26. I suspect that if the province is going to fund replacement streetcars, they will want to wait until after the builder is announced. If it is Bombardier, they can say that their funding is helping Toronto improve its transit system while also helping keep jobs in Thunder Bay.

  27. Thank the lord!!! Praise does $$$’s!

    But to the kind folks arguing “against” these extensions/additions, suck it up! Don’t think for yourselves, think long-term!

    *It’s happy(*1950’s) transit time again!

  28. CBC Radio’s take on the Eglinton line this morning was that it would basically cause years of construction headaches. Sheesh, one might hope that our public broadcaster could put a more positive spin on this announcement, such as the number of people who will be served by this line, decrease in cross-town travel time, tonnes of CO2 eliminated by replacing busses with electrically-powered streetcars etc.

  29. Here’s what they should have done with Sheppard:

    1) When building Spadina subway to York, also extend Sheppard Line west to Downsview and from there to York in parallel w/ Spadina (they do it in London, lines running parallel a few stops)
    2)Then push Sheppard to STC (via LRT or as much subway as poss.). So we’d have major east-west route w/ minimal interchange, adding awesome flexibility, and Sheppard becomes useful.
    3) This hyper-spazzed Sheppard line then connects with Finch LRT at Keele/Finch subway.
    4) So Finch just ends at Keele not Yonge (as Sheppard line to STC takes care of cross town duties).

    So Rexdale-Scarb. trips wouldn’t be LRT, the Yonge line, the Sheppard line, and then an LRT. Just take LRT and Sheppard subway.

    A man can dream can’t he?

  30. Downtown (ie the former city of Toronto) needs help.
    This is just going to add more stress on the subway.
    Sure, build LRTs where its less dense but downtown needs more subways. eg Queen St, Bathurst.

  31. I recently moved to the Eglinton/Don mills area. Eglinton is very close to my townhouse. I am wondering if the new light rail transit will be going past my front door (literally). I know the system will be above ground when it passes my house. How can I obtain more detialed information on the project?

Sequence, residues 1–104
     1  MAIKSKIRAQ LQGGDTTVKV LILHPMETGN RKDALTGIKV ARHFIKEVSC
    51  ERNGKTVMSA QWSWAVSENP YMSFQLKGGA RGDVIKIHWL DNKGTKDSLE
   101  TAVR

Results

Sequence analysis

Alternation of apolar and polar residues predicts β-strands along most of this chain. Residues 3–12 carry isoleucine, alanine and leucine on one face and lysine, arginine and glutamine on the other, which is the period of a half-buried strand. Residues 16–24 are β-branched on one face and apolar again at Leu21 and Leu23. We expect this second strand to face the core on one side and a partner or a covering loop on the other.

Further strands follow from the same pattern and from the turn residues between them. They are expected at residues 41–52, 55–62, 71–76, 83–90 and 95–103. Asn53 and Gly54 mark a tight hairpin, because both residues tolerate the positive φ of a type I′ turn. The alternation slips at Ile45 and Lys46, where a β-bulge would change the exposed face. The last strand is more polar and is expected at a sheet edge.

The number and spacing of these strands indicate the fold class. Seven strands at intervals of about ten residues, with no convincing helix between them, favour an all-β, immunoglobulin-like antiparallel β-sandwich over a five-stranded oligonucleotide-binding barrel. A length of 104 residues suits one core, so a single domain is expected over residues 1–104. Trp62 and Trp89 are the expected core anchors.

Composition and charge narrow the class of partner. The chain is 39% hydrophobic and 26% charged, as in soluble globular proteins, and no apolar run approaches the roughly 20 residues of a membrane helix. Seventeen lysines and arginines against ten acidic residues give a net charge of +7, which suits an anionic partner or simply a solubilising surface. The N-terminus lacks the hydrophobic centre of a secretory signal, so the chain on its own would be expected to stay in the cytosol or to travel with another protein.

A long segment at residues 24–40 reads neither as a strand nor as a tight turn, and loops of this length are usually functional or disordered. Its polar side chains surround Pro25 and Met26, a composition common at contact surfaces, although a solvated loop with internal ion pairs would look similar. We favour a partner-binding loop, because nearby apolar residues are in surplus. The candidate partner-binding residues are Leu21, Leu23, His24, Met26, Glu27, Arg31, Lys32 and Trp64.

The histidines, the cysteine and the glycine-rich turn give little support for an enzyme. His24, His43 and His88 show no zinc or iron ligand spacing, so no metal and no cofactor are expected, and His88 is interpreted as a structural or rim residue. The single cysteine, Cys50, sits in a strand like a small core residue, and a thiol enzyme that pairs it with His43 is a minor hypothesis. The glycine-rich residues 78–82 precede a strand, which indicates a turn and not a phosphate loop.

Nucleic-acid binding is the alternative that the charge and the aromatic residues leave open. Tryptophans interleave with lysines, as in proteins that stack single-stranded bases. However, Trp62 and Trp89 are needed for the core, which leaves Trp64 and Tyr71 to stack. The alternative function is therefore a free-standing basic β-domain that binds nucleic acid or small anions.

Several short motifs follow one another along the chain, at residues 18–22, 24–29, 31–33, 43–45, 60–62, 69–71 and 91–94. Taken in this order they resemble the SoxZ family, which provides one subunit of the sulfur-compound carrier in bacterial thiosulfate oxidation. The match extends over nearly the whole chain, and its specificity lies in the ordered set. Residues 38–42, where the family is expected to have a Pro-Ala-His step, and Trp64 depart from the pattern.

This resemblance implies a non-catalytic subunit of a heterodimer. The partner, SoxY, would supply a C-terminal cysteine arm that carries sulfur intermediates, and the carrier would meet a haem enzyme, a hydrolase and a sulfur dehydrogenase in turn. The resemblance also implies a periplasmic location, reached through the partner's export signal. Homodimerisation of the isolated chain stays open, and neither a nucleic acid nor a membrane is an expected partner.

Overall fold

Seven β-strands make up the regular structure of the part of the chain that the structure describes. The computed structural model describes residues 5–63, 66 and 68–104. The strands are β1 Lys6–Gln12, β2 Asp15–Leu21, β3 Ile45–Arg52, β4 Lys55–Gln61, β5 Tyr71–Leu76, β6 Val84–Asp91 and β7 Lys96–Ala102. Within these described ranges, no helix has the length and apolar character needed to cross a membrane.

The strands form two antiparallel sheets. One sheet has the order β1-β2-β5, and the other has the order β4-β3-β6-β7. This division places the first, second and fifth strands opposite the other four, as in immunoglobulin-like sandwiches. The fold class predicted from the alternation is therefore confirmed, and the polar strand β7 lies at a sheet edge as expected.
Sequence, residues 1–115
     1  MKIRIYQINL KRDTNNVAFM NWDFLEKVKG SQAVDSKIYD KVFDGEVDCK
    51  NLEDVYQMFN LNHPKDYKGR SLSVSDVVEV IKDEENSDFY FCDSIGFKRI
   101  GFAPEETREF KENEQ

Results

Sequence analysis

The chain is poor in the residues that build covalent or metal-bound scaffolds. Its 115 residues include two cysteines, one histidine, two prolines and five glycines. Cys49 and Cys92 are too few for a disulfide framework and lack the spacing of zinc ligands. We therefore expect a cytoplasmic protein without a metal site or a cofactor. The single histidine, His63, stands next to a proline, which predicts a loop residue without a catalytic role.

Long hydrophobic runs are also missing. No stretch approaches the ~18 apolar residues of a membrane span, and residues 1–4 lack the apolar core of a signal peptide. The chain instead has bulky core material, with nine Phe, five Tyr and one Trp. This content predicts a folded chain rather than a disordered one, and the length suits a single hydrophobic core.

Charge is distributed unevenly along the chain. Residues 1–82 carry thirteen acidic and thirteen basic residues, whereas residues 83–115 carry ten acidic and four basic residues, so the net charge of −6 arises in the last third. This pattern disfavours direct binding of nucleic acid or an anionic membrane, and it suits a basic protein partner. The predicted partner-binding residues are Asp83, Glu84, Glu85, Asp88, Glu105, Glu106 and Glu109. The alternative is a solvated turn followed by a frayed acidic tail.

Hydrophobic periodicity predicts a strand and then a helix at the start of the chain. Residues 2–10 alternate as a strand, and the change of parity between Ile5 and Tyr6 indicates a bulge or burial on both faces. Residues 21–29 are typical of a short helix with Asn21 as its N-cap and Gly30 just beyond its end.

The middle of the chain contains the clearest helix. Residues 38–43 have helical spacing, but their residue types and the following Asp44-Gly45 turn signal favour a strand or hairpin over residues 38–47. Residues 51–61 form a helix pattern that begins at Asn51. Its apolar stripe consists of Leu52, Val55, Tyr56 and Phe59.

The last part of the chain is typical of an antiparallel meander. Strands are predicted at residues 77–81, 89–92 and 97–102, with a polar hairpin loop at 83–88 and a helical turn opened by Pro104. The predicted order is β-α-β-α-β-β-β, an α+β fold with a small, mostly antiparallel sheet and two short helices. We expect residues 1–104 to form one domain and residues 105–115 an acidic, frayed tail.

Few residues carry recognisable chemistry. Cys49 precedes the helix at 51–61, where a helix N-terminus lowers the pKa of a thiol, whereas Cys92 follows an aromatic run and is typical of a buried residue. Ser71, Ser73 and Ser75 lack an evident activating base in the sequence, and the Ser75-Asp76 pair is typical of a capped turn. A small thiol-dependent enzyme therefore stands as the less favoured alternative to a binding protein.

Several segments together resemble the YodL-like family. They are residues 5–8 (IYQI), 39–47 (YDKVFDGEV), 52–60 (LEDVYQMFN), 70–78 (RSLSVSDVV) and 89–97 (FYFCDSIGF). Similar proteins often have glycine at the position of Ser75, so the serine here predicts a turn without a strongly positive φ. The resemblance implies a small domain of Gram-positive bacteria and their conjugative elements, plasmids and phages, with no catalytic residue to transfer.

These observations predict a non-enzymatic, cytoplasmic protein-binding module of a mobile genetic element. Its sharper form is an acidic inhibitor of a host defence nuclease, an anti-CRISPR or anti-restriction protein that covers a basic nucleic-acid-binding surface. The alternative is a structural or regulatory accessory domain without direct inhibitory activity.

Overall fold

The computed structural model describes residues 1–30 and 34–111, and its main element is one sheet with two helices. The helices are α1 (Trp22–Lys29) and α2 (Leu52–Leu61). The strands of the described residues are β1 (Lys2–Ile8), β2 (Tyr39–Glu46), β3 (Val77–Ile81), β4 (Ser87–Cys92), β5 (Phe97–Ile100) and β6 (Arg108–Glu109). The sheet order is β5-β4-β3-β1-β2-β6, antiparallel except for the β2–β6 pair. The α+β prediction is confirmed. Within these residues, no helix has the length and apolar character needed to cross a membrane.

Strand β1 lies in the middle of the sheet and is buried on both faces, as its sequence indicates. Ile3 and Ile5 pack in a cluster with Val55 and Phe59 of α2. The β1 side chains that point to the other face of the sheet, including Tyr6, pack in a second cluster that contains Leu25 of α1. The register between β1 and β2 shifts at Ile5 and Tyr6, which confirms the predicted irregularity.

32. Nick,
    I think most of these projects are the right thing to do. But I also think our City needs to get its act together when it comes to construction of these projects. The St. Clair ROW construction is taking WAY longer than it should; it’s practically a case study in how to cause interminable delays. If the CBC’s concerns regarding construction on Eglinton ‘help’ bring about a more streamlined, coordinated building process, our public broadcaster is doing its job.

    Doing the right thing is one thing. Doing the right thing in the right way is another.

  33. Since my name came up, I thought I could answer Adam’s question from this morning about the streetcars. The 204 new streetcars to replace the current fleet — a contract about to be awarded — were not included in the $9-billion announcement. The second batch of cars needed for Transit City lines are included in the cost estimates for the new lines and always have been. But the TTC is still waiting for confirmation of funding for the c. $1-billion contract for the first batch.

  34. How realistic are the cost estimates for all these projects? If history serves as a guide, the cost for these may prove unmanageable.